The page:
In 2011, the IBF sought to change its philanthropic model by awarding a single, substantial grant to a non-profit organization that would affect a significant positive impact in central Indiana through the promotion of access to justice for indigent persons.

Among other things, the HHRC fulfilled the grant criteria by presenting an opportunity for IndyBar members to support the initiative through volunteerism, and significantly enhancing the visibility and image of Indianapolis attorneys in the broader community. Please consider supporting the HHRC by attending the February 24, 2012, training and representing clients on a pro bono basis.•

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  1. On a related note, I offered the ICLU my cases against the BLE repeatedly, and sought their amici aid repeatedly as well. Crickets. Usually not even a response. I am guessing they do not do allegations of anti-Christian bias? No matter how glaring? I have posted on other links the amicus brief that did get filed (search this ezine, e.g., Kansas attorney), read the Thomas More Society brief to note what the ACLU ran from like vampires from garlic. An Examiner pledged to advance diversity and inclusion came right out on the record and demanded that I choose Man's law or God's law. I wonder, had I been asked to swear off Allah ... what result then, ICLU? Had I been found of bad character and fitness for advocating sexual deviance, what result then ICLU? Had I been lifetime banned for posting left of center statements denigrating the US Constitution, what result ICLU? Hey, we all know don't we? Rather Biased.

  2. It was mentioned in the article that there have been numerous CLE events to train attorneys on e-filing. I would like someone to provide a list of those events, because I have not seen any such events in east central Indiana, and since Hamilton County is one of the counties where e-filing is mandatory, one would expect some instruction in this area. Come on, people, give some instruction, not just applause!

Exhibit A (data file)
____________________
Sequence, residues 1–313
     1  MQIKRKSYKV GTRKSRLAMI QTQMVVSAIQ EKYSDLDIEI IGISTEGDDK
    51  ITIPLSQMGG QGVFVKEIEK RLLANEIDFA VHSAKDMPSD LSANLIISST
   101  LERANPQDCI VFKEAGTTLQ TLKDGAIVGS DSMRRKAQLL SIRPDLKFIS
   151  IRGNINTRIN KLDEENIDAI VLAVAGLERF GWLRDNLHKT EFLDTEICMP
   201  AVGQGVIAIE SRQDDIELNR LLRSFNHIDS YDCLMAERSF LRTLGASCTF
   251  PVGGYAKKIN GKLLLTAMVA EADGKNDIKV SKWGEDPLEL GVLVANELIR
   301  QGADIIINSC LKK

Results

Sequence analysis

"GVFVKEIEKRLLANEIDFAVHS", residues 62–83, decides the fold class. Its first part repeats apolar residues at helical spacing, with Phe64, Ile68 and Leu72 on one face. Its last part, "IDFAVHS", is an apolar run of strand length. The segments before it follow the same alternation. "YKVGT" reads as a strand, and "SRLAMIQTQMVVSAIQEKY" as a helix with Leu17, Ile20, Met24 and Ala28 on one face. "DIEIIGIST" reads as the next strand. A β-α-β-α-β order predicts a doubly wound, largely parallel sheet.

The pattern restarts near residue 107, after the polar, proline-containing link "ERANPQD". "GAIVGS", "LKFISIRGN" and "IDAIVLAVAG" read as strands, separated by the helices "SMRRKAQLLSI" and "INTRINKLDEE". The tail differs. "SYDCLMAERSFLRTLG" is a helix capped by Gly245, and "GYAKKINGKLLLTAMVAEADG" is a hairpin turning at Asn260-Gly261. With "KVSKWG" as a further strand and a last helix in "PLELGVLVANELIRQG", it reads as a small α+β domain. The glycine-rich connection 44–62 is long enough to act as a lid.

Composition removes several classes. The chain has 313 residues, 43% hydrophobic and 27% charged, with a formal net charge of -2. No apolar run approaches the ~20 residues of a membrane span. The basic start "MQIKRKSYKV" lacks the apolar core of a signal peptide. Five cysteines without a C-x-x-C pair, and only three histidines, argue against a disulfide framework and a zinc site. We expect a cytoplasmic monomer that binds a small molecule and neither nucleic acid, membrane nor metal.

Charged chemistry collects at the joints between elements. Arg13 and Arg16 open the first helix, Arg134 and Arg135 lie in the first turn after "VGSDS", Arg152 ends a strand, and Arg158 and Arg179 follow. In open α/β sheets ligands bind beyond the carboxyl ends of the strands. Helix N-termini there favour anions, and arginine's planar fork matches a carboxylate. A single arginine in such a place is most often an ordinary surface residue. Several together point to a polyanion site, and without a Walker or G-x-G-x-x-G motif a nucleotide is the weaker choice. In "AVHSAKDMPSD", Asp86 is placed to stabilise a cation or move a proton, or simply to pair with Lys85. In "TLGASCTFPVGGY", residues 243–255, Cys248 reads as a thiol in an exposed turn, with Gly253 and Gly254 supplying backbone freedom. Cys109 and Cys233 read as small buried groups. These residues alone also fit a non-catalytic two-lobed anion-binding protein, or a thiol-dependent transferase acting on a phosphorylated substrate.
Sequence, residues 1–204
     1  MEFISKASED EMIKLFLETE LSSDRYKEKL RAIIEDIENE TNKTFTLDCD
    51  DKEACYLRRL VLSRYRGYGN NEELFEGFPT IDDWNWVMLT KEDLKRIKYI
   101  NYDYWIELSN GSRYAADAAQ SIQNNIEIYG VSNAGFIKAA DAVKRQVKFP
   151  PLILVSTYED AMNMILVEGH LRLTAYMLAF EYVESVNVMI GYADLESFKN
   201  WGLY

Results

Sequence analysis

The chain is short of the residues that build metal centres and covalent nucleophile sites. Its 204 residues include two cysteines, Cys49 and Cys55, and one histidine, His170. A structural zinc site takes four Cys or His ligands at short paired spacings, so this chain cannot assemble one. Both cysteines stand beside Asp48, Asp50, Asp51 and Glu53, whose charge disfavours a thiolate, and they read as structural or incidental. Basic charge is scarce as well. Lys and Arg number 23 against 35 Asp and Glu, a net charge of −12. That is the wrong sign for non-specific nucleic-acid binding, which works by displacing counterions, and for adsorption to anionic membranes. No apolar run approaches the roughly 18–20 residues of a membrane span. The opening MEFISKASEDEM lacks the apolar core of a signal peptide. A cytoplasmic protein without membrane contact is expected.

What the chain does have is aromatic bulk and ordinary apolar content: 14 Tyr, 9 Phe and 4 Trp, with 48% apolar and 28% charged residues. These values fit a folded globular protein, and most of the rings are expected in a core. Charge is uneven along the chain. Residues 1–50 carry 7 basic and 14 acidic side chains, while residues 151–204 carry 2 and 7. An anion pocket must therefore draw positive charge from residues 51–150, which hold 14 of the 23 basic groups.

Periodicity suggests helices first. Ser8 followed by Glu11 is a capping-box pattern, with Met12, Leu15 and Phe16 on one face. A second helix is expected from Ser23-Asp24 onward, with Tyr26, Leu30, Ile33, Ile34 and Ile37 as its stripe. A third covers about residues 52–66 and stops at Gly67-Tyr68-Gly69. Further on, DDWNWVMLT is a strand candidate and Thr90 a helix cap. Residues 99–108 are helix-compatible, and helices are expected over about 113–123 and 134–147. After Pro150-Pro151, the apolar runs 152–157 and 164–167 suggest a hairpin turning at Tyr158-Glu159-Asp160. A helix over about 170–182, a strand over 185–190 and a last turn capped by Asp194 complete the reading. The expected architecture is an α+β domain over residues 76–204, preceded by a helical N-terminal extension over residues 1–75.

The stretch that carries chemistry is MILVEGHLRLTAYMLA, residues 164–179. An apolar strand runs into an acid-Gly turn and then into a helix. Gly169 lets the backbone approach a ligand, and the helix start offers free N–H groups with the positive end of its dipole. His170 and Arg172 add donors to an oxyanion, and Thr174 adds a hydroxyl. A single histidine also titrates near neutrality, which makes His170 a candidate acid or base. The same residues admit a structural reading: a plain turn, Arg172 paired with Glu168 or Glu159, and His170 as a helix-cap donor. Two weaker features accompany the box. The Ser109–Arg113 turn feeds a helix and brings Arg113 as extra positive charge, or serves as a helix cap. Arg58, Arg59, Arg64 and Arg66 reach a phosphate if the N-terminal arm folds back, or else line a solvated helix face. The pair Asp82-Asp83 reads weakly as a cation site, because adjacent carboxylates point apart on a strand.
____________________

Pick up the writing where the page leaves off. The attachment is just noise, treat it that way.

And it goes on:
3. This law is troubling in two respects: First, why wasn't the law reviewed "with the intention of getting all the facts surrounding the legislation and its actual impact on the marketplace" BEFORE it was passed and signed? Seems a bit backwards to me (even acknowledging that this is the Indiana state legislature we're talking about. Second, what is it with the laws in this state that seem to create artificial monopolies in various industries? Besides this one, the other law that comes to mind is the legislation that governed the granting of licenses to firms that wanted to set up craft distilleries. The licensing was limited to only those entities that were already in the craft beer brewing business. Republicans in this state talk a big game when it comes to being "business friendly". They're friendly alright . . . to certain businesses.